Encourage an increase in fluid intake of up to 3 liters per day.It promotes adequate hydration and tissue perfusion.
Educate the patient about small frequent feedings.Eating small, frequent meals decreases the feeling of fullness and the need to vomit.
Encourage the patient to remain in an upright position for up to 30 minutes after eating.This prevents vomiting and regurgitation of food from the stomach.
Administer enteral feedings as ordered.Given for patients with a severe case of self-neglect who cannot tolerate oral intake.
Referral to a nutritionist or dietitian upon consent.Professionals such as nutritionists and dietitians can provide an individualized nutritional plan for patients with special needs.

Nursing Care Plans for Self Neglect 5

Risk for Deficient Fluid Volume

Nursing Diagnosis: Risk for Deficient Fluid Volume related to inadequate fluid intake secondary to as self-neglect.

Desired Outcome:

The patient will be able to maintain adequate fluid volume as evidenced by adequate skin turgor and mucous membrane.

The patient will be able to recognize signs and symptoms and measures to keep them hydrated.

Self Neglect Nursing InterventionsRationale
Assess and monitor vital signs frequently along with intake and output, level of consciousness, and signs of dehydration.This will allow the nurse to establish baseline data, and monitor progress and the patient’s response to treatment.
Assess the patient’s daily pattern of fluid intake. Weigh the patient same time daily.Determining daily intake may help plan for nutritional intake. Sudden weight loss may indicate water loss such as decreasing urine output.
Encourage the patient to increase oral fluid intake to at least 3 liters per day. Distribute the number of fluids throughout the day.The distribution of fluids will aid with adequate hydration during the day to prevent nocturia.
Assist the patient in oral care at least every four hours or as needed.This will help prevent dry mouth making it more comfortable to drink and eat.
Assist the patient in drinking and place drinking water within reach.Patients with body weakness may need assistance while drinking. Drinking fluids within reach provides easy access and a reminder to drink more frequently.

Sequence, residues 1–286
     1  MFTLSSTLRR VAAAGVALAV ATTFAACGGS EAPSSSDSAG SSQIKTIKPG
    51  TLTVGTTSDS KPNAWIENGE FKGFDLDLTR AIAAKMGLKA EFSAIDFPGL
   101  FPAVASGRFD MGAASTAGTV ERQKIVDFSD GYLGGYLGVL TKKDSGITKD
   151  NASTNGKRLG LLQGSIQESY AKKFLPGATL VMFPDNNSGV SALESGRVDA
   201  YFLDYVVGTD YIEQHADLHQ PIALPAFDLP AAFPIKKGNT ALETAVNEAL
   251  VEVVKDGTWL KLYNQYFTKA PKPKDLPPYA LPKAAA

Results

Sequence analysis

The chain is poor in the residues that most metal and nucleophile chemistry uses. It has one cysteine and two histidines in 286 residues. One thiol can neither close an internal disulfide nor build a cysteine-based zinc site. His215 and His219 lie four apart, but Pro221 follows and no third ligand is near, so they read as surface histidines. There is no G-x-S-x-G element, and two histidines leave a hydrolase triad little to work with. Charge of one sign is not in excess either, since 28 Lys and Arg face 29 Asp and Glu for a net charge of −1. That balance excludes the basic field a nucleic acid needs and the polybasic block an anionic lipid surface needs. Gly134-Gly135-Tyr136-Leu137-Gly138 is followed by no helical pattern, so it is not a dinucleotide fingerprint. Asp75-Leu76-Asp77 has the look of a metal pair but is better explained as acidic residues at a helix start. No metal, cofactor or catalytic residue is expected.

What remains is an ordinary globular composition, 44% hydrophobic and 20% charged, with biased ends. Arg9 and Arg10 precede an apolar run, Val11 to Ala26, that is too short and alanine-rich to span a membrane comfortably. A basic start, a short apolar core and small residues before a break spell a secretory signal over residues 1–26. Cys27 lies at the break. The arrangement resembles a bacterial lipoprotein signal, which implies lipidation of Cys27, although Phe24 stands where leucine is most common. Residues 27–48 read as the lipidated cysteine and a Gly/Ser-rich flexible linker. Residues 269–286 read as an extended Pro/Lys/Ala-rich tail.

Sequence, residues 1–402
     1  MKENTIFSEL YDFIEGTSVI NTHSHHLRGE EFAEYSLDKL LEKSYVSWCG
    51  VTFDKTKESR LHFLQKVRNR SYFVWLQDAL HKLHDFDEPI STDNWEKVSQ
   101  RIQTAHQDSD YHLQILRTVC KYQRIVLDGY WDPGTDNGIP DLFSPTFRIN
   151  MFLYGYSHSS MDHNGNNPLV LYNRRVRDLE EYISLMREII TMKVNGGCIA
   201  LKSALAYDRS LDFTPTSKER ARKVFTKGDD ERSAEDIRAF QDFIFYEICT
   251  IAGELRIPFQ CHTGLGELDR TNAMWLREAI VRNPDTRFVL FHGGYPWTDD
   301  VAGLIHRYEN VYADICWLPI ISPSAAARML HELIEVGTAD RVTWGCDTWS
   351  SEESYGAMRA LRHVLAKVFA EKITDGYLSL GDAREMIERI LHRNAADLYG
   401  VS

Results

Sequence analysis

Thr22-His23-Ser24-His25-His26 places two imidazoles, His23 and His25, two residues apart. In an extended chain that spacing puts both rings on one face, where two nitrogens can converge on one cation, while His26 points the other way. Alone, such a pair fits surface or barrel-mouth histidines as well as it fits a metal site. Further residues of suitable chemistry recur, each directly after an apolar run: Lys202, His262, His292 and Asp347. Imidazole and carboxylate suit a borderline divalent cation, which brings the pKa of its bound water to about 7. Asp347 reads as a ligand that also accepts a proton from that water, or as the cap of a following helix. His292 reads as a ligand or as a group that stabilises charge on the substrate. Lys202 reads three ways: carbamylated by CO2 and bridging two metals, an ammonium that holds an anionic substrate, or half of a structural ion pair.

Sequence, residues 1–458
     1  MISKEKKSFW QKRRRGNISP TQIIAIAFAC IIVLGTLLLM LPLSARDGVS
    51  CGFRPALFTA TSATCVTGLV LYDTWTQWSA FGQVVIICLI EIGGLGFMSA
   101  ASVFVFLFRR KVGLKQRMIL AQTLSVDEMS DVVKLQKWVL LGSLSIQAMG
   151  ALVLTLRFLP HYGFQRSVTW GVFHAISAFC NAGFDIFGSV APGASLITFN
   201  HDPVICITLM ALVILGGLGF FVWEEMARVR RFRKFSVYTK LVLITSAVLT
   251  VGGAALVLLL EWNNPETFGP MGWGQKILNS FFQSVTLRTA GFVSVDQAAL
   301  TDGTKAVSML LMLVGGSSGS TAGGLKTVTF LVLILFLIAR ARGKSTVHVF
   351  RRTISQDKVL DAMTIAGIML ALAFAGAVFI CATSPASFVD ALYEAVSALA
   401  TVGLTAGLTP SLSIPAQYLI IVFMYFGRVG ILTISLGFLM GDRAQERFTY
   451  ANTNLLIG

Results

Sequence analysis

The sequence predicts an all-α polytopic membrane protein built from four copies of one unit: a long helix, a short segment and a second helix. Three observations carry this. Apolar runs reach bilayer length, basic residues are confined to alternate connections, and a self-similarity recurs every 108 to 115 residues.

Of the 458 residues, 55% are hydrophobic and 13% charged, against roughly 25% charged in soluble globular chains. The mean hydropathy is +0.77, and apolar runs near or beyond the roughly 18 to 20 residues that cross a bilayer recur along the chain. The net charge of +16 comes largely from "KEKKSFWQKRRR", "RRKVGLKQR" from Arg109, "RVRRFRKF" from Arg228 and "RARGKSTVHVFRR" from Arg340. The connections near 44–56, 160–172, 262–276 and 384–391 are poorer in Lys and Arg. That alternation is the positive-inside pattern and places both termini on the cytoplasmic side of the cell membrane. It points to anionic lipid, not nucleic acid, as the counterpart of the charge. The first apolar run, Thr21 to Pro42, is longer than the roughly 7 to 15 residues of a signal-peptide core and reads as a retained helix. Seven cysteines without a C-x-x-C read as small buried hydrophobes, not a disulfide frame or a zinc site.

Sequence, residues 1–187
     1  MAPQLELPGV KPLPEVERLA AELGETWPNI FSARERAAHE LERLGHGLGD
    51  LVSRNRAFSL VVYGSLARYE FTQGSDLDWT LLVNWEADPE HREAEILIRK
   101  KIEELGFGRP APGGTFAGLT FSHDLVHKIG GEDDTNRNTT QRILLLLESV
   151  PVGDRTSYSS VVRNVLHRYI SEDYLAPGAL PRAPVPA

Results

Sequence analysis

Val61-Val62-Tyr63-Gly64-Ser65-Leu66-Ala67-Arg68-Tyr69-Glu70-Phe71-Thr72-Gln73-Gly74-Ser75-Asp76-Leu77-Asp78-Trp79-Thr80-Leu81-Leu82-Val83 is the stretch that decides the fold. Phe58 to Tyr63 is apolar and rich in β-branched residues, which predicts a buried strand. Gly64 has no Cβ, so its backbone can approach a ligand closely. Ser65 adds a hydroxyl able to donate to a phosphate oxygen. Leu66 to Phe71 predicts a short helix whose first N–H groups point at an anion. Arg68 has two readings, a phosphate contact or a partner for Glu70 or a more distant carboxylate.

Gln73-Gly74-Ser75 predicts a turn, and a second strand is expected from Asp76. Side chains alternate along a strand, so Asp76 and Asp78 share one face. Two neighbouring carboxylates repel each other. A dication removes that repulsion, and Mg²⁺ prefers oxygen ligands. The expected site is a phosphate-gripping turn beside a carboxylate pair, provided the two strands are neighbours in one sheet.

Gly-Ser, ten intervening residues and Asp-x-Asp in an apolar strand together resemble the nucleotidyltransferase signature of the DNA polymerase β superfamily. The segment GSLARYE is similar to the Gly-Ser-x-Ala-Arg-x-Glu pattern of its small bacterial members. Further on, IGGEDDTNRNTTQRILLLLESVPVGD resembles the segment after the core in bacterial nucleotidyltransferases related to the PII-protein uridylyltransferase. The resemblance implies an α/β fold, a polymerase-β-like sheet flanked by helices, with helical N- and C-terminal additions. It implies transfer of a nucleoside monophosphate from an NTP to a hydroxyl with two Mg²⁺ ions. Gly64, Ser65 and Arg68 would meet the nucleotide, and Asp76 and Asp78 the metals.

Avoid caffeinated beverages.Caffeine promotes diuresis resulting in fluid volume loss.
Educate the patient and significant others about the importance of adequate fluid intake, signs of dehydration, and proper measuring of intake and output.Having adequate knowledge about the patient’s condition increases compliance of patients and significant others by being proactive.

Nursing References

Ackley, B. J., Ladwig, G. B., Makic, M. B., Martinez-Kratz, M. R., & Zanotti, M. (2020). Nursing diagnoses handbook: An evidence-based guide to planning care. St. Louis, MO: Elsevier.  Buy on Amazon

Gulanick, M., & Myers, J. L. (2022). Nursing care plans: Diagnoses, interventions, & outcomes. St. Louis, MO: Elsevier. Buy on Amazon

Ignatavicius, D. D., Workman, M. L., Rebar, C. R., & Heimgartner, N. M. (2020). Medical-surgical nursing: Concepts for interprofessional collaborative care. St. Louis, MO: Elsevier.  Buy on Amazon

Silvestri, L. A. (2020). Saunders comprehensive review for the NCLEX-RN examination. St. Louis, MO: Elsevier.  Buy on Amazon

Disclaimer:

Please follow your facilities guidelines, policies, and procedures.

The medical information on this site is provided as an information resource only and is not to be used or relied on for any diagnostic or treatment purposes.

This information is intended to be nursing education and should not be used as a substitute for professional diagnosis and treatment.

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Author
Anna Curran. RN, BSN, PHN

Anna Curran. RN, BSN, PHN
Clinical Nurse Instructor

Emergency Room Registered Nurse
Critical Care Transport Nurse
Clinical Nurse Instructor for LVN and BSN students

Anna began writing extra materials to help her BSN and LVN students with their studies and writing nursing care plans. She takes the topics that the students are learning and expands on them to try to help with their understanding of the nursing process and help nursing students pass the NCLEX exams.

Her experience spans almost 30 years in nursing, starting as an LVN in 1993. She received her RN license in 1997. She has worked in Medical-Surgical, Telemetry, ICU and the ER. She found a passion in the ER and has stayed in this department for 30 years.

She is a clinical instructor for LVN and BSN students and a Emergency Room RN / Critical Care Transport Nurse.